Paul Thomas has written a blog that explores the destructive nature of the Microsoft culture and how that culture is now affecting and demoralizing public education. Thomas is reacting to an article in Vanity Fair that is a must-read.
The “cannibalistic culture” that Thomas critiques is derived from a method of employee evaluation called “stack ranking,” where every unit is required to rank everyone in the unit, to identify the best, the average, and the worst, no matter how good everyone might be. By design, someone loses.
This competitive culture has not been good for Microsoft and is wreaking havoc on American public education, whose goal is equal educational opportunity, not the survival of the fittest. It is ruinous for collaboration, on which good schools depend.
It turns out that “stack ranking” is also known as “forced ranking,” and that it is a common practice in some big corporations. It was popularized by Jack Welch of GE. The idea was that you rate your employees from best to worst, and fire the worst. If all of them are really doing a terrific job, that’s too bad, you fire the bottom batch anyway, and repeat the process again next year.
One of the reasons I strongly recommend that you read the article in Vanity Fair is for the comments that follow. Here are a few samples:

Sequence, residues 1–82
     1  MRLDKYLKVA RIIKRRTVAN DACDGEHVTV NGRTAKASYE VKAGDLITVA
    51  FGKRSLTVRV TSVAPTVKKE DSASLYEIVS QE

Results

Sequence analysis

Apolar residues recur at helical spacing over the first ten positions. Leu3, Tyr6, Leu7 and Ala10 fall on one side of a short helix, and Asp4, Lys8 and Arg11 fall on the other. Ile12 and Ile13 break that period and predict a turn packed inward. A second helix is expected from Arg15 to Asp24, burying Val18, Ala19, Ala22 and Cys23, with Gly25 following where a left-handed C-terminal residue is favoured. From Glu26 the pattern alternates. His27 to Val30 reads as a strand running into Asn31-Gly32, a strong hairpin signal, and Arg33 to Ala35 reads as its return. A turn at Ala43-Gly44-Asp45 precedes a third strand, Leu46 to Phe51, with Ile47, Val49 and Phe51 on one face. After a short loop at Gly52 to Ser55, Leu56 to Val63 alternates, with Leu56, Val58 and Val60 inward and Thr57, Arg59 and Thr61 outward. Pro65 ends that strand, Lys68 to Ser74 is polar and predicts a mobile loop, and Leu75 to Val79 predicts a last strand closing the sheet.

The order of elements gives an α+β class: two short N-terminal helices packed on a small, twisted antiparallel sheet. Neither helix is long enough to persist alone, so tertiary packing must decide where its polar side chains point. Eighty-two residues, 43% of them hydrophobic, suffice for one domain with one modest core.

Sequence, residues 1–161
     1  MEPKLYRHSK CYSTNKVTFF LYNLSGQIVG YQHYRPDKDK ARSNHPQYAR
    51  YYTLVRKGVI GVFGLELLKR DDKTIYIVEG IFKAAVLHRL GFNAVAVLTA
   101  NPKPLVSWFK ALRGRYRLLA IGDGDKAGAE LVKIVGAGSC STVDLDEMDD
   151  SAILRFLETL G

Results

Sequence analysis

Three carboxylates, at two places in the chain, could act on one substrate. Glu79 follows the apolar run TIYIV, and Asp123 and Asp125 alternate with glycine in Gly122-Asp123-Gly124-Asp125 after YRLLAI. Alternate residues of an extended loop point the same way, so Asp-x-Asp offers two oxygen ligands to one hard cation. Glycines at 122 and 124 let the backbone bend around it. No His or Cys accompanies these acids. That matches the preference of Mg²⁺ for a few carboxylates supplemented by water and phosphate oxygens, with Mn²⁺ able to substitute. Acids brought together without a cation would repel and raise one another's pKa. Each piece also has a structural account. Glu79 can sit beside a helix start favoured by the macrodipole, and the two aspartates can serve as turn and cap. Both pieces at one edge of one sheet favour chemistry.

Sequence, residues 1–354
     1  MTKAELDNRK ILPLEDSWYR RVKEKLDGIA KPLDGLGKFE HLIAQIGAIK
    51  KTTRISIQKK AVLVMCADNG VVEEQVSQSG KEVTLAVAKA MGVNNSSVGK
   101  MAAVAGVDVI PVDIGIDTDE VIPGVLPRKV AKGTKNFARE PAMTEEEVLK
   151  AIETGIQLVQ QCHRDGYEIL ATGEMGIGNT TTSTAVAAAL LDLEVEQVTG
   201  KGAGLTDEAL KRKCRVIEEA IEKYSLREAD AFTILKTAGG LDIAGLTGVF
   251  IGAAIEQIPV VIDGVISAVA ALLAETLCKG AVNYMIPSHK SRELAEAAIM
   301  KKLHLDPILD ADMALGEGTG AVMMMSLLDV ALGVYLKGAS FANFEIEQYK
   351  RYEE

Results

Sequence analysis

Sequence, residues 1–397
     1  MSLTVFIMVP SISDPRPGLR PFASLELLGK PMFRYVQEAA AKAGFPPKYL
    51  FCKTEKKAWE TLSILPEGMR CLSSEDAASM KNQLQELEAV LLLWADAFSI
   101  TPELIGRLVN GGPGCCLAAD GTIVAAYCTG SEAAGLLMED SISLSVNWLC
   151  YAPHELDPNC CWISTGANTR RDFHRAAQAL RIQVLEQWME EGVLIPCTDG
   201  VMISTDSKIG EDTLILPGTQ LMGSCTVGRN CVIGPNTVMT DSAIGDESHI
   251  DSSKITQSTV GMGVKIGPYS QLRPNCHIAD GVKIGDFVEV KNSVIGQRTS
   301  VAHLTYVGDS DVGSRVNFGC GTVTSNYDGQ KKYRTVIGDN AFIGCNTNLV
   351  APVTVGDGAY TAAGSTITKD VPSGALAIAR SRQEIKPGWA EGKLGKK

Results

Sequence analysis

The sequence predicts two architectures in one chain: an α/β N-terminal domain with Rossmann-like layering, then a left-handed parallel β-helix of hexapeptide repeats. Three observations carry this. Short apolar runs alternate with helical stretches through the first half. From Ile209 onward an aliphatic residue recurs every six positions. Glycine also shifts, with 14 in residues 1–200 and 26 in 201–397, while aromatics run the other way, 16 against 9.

I worked for IBM for a long time, and I definitely agree that “stacked ranking” in a company immediately and effectively kills all creativity in a team. No matter how brilliant anyone (or even everyone) on a team is, the majority of them will be relegated to mediocre-to-poor ratings year-after-year, while one or two of their higher-profile counterparts take the top rankings. Depending on the team, these top-ranked may truly be the best in the group, or they may just be more friendly with the manager or have a role within the team that gives them more exposure to their superiors. These rankings, as meaningless as they are, then affect every aspect of an employee’s career, from raises and bonuses to advancement opportunities, to job security during periods of layoffs. When I left IBM I promised myself I would never work for another company engaging in this absurd practice.
Taking platform developers and throwing them against hard goals and deadlines kills your ability to adapt. Management and project stakeholders end up making too many decisions about the technology away from the people who know it best – the people building it. To show progress and keep management happy, engineers shift their focus to tangible deliverables and ignore the pieces management can’t understand, like the underlying architecture. You start going down the path of building lots of bells and whistles, but nothing solid that you can competitively leverage.
Stack ranking is where they throw all the people in a work group together in a pit and let them eat each other. Afterward, the survivors are ranked according to ability by people who don’t actually work with them directly, thus permitting the lead to apologize in a credible fashion when someone who has been an excellent employee for at least 12 years (rarely less – and if you’ve been there over 15 years, you have a bullseye on the back of your head) given gleaming gold stars for performance for the last six months, suddenly has a big fat goose egg review and is escorted out the door for nonperformance issues.
At Enron, the same practice was called “Rank and Yank.” The traders who made the most money were ranked at the top. The ones who made the least were yanked. And we know what happened to Enron.